Ok, so long time no blog post! It’s fair to say I’ve left myself somewhat lacking on the blog front over the past few weeks and have left my multitude (aka – handful) of readers in the lurch so to speak. Desculpe meus amigos!!
So, where are we? We are currently parked up on the cliffs above Monte Clerigo beach, just outside Aljezur, Portugal watching the surf roll in whilst the rain comes and goes in waves. Our time at Donkey HQ came to an end yesterday after eight donkey filled weeks and we were sad to leave but also ready to continue with our travels.
When we first embarked on our fifth Helpx assignment we didn’t think for a minute that we would stay for as long as we have but we had such an enjoyable time there that the weeks just went on by without us noticing too much.
We so enjoyed looking after all the donkeys and getting to know all their different characters. Romano, the wise old grandaddy.
Margarida, Miss Greedy.
None too bright Olivia – unfortunately I don’t seem to have aphoto of her:(
Xiquito, Olivia’s shadow.
Cheeky Emilio with the most beautiful ears.
Elfrieda, Martha and Isadora, the guest donkeys, or ‘Algarve 3’ as I’ve been calling them. Still sticking together and working as a team even after nearly two months at donkey HQ.
Jeco, the stoic little guy.
Xico, aka gnasher!
Steady Emil and friendly, inquisitive Falco.
And last but not least, and my all round personal favourite, Margalhaes now renamed Kali as no-one could remember or pronounce his name!
Sofia is passionate about her donkey family giving them a life that most donkeys in Portugal and around the world could only dream of.
They are so well cared for and it was a privilege to be able to be a part of their lives and routines for the time we were there.
Madan, our Nepalese housemate, has taught us much about Nepal and Nepalese cooking and we’ve enjoyed getting to know him. We now have Nepal on our list to visit in the future!
We also mustn’t forget the hospitality Sofia’s parents, Raban and Nelly, have shown us sharing stories of their colourful lives with us. Their zest for life at 81 years old is inspirational.
The small community we have experienced here has been one of neighbours helping and looking out for each other sharing ideas, skills, machinery, equipment and time.
It has been a fantastic learning experience for us and we are leaving with very happy memories and would definitely like to return in the future.
So, Kali says goodbye and wishes us safe travels on he next chapter of our journey wherever it will take us 🙂
Mmm, where to start? We’ve had a whirlwind of a week which has, once again, shot past. For the past eight days we have, along with Madan, our fellow Helpxer, been holding the fort here at Donkey HQ, up a lane, near Aljezur, Portugal.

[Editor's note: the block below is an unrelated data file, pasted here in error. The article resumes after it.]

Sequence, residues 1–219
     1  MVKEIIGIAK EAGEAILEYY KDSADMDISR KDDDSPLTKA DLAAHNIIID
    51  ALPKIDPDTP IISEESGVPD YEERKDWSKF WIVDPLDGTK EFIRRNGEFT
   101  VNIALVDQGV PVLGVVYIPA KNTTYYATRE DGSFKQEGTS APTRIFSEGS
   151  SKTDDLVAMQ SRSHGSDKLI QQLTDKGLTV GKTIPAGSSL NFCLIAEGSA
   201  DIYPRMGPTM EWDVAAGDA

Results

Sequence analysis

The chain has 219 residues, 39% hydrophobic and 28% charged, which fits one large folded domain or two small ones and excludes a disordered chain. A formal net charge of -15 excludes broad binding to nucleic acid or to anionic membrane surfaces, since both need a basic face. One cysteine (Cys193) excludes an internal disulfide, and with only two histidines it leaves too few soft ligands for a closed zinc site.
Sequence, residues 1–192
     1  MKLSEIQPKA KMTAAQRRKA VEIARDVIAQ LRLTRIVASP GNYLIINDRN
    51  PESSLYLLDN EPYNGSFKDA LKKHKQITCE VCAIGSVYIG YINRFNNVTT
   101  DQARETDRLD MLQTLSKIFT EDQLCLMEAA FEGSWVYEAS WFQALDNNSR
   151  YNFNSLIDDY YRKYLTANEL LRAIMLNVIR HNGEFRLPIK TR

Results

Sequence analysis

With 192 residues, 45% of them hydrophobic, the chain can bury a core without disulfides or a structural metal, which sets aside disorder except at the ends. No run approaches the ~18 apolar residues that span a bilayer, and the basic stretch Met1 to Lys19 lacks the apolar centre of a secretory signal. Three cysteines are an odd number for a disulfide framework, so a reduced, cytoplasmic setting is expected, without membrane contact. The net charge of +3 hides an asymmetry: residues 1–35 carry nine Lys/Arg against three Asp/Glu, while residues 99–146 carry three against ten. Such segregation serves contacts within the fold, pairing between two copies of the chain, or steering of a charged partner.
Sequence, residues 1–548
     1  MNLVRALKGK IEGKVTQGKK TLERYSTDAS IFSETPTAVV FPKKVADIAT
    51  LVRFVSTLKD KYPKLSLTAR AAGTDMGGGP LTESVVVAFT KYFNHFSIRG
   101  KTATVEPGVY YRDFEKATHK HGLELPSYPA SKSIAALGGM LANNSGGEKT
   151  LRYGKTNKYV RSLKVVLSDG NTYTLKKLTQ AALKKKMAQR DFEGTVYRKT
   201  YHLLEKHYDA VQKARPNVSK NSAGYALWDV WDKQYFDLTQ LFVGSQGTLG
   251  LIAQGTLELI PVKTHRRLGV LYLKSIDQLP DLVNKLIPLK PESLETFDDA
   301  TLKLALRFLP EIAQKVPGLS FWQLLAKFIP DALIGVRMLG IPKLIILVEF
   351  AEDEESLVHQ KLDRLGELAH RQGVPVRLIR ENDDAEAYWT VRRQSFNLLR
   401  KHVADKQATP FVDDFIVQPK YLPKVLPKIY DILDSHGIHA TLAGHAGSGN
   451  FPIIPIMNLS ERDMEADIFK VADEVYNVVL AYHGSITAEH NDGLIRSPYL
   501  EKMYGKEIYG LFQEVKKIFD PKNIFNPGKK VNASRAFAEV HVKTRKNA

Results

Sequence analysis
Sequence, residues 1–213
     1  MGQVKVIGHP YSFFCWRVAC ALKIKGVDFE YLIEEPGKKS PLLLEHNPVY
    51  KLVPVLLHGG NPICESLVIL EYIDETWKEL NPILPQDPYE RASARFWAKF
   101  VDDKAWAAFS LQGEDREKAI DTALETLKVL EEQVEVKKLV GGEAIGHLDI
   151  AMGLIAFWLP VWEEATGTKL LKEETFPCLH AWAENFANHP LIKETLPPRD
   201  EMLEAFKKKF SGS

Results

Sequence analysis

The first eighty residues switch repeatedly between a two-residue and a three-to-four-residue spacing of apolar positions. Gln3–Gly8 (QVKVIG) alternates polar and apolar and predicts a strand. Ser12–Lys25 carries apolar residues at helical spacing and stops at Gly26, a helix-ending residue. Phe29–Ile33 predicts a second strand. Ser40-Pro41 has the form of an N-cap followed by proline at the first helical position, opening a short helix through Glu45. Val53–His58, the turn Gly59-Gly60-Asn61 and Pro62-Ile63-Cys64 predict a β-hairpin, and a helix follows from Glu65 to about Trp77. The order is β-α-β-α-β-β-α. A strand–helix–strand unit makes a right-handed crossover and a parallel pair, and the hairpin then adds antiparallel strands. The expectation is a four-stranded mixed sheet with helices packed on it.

When we originally talked about housesitting being a part of our travels I never expected our charges to be thirteen donkeys. Dogs, cats, maybe a few chickens or the odd rabbit yes, but donkeys, well, no. But that is what we have been doing for the last eight days as Sofia, Raban and Nelly flew off to sunny Paris last Thursday to spend Christmas with other members of their family.
We were a little bit daunted when the idea was mooted, a couple of weeks ago, that we could look after the house, donkeys, dog and cats whilst the family were away with lots of questions going through our minds. What if they get out? What if one has an accident? What if we get the feeding wrong? What if they throw an all night party? Or invite friends over through Facebook and everything is trashed? What if, what if, what if……?!
It has, however, been almost completely stress free and a pleasure to look after them all. We’ve only had a couple of incidents. Olivia was missing in action on Tuesday at the morning roll call. Tim and I split up to go and look for her and I heard her before I saw her as she was calling to the others. She’d managed to get her leg caught between the barbed wire on the fence in the bottom field. I don’t think she can have been trapped for too long as there wasn’t a mark on her. She just let me lift her leg up and out onto the right side of the fence and then went skipping off to regroup with the others.
Then yesterday morning we had an escapee. Well, it wasn’t exactly the great escape as she’d only gone a few steps from the field to the big pile of straw in the barn and was busy gorging herself! She was, nonetheless, free range and could have gone on a joyride in the car should she have so desired! It was one of the new ones, either Martha or Elfrieda, I still don’t know which is which. We’re still not sure how she got out but think she got through the bungey fence by the barn which is electrified. We’ve already had to put another bungey up at the far end of the field as she managed to limbo under the higher one! I think the three new donkeys are working as a team and plotting something. Them donkeys is organised! They seem to be one step ahead of us (not difficult).
So, all in all, the donkey care has gone extremely well and they all seem to be content. They’ve all been groomed up and look lovely until they then go and have a roll in the sandpit! Only Chico, or I should spell it Xico (he put me right on the spelling!), hasn’t been groomed as he has a mouth full of big teeth and he’s not afraid to use them! He caught me the other day on my thigh (through the trousers) leaving a cut and big bruise so we are a bit wary of him. Tim always keeps the wheel barrow between Xico and himself as a mode of self defence!